Thursday, April 15, 2010
Dissect Your Budget - Part 12 - Miscellaneous, Savings, and Wrap-up
Tip #249 - Dissect Your Budget - Part 12 - Miscellaneous, Savings, & Wrap-up. I"m going to wrap up this series today by talking about miscellaneous items and savings. Remember that you need to write up a budget that works for you. If you want to cover eating peanuts at a baseball game under entertainment, consider that cost when deciding on the budget amount for entertainment. If you want to consider it under the food item, then do so. Or it may happen so infrequently that you cover it under miscellaneous. If you are in schoool, you would have a line-item for tuition and books - broken out separately or combined, it doesn't matter. As long as everything is covered.
The miscellaneous category is often a catch-all for things you don't think about - like postage stamps or library fines. Bus as you use your budget more and more, the miscellaneous category should get smaller and smaller as you see a trend in items you spend. Parking meters costs can get wrapped into the transportation/auto line item. Postage stamps can get wrapped into entertainment or gifts if they are a regular occurance. Any non-regular, "surprise" expense can go in miscellaneous.
Lastly, let's talk about savings. To me, savings is one of the most important categories to have on your budget. Most people don't think to budget for savings. And because of that, people have very little saved. But if you budget $400 to spend on food and $200 for entertainment, why not have a budget for savings. Then each month you take that amount and put it away somewhere - into a savings account, money market fund, mutual fund or wherever you see fit. This savings category should cover your 401(k) savings, too as well as any IRA, education savings or other big ticket item savings you are doing.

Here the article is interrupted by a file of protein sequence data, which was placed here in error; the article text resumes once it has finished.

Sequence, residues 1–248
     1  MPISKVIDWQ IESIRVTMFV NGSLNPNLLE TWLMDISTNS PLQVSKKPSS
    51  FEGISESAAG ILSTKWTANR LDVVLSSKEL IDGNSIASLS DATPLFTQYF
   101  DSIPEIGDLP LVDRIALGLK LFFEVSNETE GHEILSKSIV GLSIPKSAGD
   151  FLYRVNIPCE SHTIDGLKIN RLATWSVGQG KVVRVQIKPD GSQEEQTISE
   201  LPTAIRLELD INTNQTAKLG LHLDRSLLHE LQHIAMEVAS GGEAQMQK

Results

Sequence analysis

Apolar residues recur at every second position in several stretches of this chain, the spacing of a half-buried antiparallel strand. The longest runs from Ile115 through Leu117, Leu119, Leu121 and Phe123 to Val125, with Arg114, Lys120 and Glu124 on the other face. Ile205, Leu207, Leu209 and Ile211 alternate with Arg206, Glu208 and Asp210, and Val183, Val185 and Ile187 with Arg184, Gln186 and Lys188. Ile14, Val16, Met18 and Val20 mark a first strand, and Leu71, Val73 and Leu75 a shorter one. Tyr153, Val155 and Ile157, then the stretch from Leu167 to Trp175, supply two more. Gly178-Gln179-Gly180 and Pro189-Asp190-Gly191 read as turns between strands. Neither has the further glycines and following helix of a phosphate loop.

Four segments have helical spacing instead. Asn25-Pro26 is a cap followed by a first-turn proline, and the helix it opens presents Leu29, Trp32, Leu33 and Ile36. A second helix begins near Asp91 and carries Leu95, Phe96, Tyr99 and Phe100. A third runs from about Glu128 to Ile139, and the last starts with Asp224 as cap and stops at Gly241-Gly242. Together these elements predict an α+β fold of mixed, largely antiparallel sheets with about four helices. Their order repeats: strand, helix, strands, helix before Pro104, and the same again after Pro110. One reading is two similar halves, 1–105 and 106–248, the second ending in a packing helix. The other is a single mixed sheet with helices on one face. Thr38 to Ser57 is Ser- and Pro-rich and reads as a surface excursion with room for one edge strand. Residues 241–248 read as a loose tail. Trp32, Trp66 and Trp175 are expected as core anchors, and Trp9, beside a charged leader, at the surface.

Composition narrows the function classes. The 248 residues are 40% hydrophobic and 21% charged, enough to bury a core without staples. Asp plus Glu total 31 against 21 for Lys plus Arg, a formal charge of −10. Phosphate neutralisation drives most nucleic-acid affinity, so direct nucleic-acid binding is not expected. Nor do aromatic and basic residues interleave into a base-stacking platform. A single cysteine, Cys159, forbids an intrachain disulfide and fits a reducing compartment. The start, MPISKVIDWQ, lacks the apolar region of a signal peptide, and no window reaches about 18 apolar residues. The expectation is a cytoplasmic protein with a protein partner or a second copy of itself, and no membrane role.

And really my whole point of doing this dissect your budget series was to increase the amount of money that goes into your savings (or toward debt if you have any). So go through your budget with a fine-tooth comb. See where you can reduce your expenses and put more in your pocket.
In Real Life (IRL). My budget looks like this for 2010. Please note that thw two biggest categories in terms of amount after our mortgage is our IRA or retirement savings and our college education savings for our children.
Cell phones $35
Car Insurance $125
Religious School $50
Summer Camp $150
Condo Loan $415
Education IRA $500
To me, making sure that all of your expenses have a place on your budget is one of the most important rules of budgeting. That's why having a miscellaneous category is important to catch all those expenses you don't expect or forgot about. And secondly, having a budget allows you to set an amount that you are putting away for savings for retirement, for a home, for college, or for the future in some other way. Without having a line item for savings, you won't save! So dissect your budget, try to cut down on non-necessities or think of creative ways to make them cost less so you can increase the amount that goes towards savings. For other ideas on how to save money, check out Frugal Fridays.